Producers of the movie "The Untouchables" had one distinct advantage over the people who turned out the popular television series almost 30 years ago: They didn't have J. Edgar Hoover and the FBI breathing down their necks.

Hoover died in 1972, and the FBI says it no longer reviews movies or TV shows. But in the late 1950s, the old curmudgeon took an intense, personal interest in the original "Untouchables." He was not pleased with what he saw.

Hoover and his alter ego, Clyde Tolson, repeatedly and strenuously protested to Desi Arnaz, head of Desilu Productions, whenever they detected a slur against the good name of the FBI. They even considered going public with their criticism and denouncing the TV series as a fictionalized fraud.

Correspondence and FBI reviews of each "Untouchables" episode were obtained from FBI files by our associate Stewart Harris. The documents make clear not only that Hoover was outraged by the series, but that the "Untouchables" scriptwriter took such liberties with the facts that Hoover's outrage was largely justified.

The wooden-faced hero of the TV series, Eliot Ness, was a Treasury agent. Hoover was incensed when Ness and his sidekicks were given credit for triumphs over the underworld that had actually been achieved by his own beloved bureau.

One episode in particular aroused the FBI's wrath. It gave Ness and his shoulder-holstered T-men credit for the bloody raid on the hide-out of Ma Barker and her gang. In fact, the G-men had coordinated the entire operation.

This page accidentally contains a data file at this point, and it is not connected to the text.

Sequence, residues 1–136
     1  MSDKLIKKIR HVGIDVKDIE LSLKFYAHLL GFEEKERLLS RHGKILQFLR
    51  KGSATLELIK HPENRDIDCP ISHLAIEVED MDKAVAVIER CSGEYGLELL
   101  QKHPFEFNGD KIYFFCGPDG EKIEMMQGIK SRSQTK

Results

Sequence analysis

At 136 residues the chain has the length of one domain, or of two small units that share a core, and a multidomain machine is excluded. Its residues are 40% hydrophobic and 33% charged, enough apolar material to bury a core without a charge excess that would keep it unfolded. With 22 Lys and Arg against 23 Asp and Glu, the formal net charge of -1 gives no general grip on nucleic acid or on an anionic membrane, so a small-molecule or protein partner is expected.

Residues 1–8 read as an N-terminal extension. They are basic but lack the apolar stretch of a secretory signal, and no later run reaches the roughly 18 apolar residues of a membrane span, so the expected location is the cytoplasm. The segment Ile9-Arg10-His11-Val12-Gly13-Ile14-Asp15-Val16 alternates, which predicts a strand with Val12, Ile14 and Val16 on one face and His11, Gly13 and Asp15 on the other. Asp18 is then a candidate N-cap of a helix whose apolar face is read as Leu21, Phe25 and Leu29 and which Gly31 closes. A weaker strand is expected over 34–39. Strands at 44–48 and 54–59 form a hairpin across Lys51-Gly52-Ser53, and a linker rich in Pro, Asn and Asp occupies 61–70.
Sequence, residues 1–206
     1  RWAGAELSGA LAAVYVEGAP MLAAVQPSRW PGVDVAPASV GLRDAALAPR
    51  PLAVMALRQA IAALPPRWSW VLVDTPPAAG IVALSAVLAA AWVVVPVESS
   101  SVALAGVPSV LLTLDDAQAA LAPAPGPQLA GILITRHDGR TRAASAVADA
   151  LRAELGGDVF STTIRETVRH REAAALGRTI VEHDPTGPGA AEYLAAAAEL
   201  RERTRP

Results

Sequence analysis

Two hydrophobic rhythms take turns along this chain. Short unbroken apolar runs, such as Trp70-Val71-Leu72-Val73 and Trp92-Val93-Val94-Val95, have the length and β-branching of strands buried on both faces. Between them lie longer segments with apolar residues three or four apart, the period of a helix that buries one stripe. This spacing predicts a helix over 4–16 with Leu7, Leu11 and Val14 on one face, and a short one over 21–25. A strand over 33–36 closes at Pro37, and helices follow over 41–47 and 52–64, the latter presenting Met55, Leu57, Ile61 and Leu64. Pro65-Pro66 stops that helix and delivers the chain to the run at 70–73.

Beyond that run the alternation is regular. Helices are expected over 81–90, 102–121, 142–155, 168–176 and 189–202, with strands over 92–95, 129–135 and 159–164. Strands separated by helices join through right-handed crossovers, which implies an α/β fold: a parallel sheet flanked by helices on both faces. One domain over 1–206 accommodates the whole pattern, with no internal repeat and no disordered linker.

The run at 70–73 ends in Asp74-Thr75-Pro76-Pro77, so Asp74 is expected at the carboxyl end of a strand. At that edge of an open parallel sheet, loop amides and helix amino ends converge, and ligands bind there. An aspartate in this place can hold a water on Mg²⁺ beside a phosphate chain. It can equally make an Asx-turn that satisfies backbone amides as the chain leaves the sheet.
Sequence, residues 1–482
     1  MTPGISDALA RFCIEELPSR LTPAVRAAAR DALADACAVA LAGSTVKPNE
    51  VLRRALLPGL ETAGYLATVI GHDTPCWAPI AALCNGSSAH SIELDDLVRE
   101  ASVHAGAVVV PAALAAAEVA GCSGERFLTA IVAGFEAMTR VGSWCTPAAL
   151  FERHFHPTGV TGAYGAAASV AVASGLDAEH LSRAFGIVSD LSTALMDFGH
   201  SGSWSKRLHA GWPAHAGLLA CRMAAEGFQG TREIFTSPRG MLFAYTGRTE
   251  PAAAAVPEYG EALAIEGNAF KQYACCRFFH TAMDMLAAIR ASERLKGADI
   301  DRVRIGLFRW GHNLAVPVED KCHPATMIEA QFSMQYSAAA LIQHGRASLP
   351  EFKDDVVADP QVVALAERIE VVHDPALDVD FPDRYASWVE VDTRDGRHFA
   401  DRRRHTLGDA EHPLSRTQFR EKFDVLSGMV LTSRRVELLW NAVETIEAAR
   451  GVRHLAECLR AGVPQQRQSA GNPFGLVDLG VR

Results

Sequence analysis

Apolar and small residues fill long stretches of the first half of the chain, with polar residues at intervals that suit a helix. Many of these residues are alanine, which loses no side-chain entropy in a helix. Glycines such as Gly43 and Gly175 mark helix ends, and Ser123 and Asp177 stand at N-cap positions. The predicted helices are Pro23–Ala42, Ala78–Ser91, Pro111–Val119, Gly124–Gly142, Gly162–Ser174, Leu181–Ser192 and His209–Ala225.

Tolson was furious. "I saw it and it was bad," he wrote. "We must find some way to prevent FBI cases from being used thru such subterfuge as in this instance. It is a fraud upon the public."

The chief target, Arnaz, tried to make amends by calling the Ma Barker episode "a terrible goof" and appending a disclaimer on that show noting that the FBI had also participated in the shootout.

But some G-men were after Arnaz's scalp. In an Oct. 17, 1959, memo to Tolson, a bureau official suggested that exposing "The Untouchables" would be highly effective, "particularly when the public is raising a hue and cry at this time against other networks for falseness {quiz programs}."

Tolson scrawled an order across the bottom of the memo: "Do it as an official protest to ABC. I see no reason for pulling our punches."

A chastened Arnaz promised to avoid any references to the FBI in future "Untouchables" episodes, and agreed to spike plans to link Ness and his men to such FBI targets as John Dillinger, "Baby Face" Nelson and "Pretty Boy" Floyd.

"Untouchables" star Robert Stack didn't help things any when he defended his freewheeling portrayal of Ness in a TV Guide interview by explaining: "It's not like this sophisticated day and age. A friend of mine is an FBI agent . . . . They've got so many rules and regulations in his outfit it's all he can do to blow his nose."

Hoover dashed off a complaint to Arnaz, who called to assure the FBI director that Stack had been misquoted.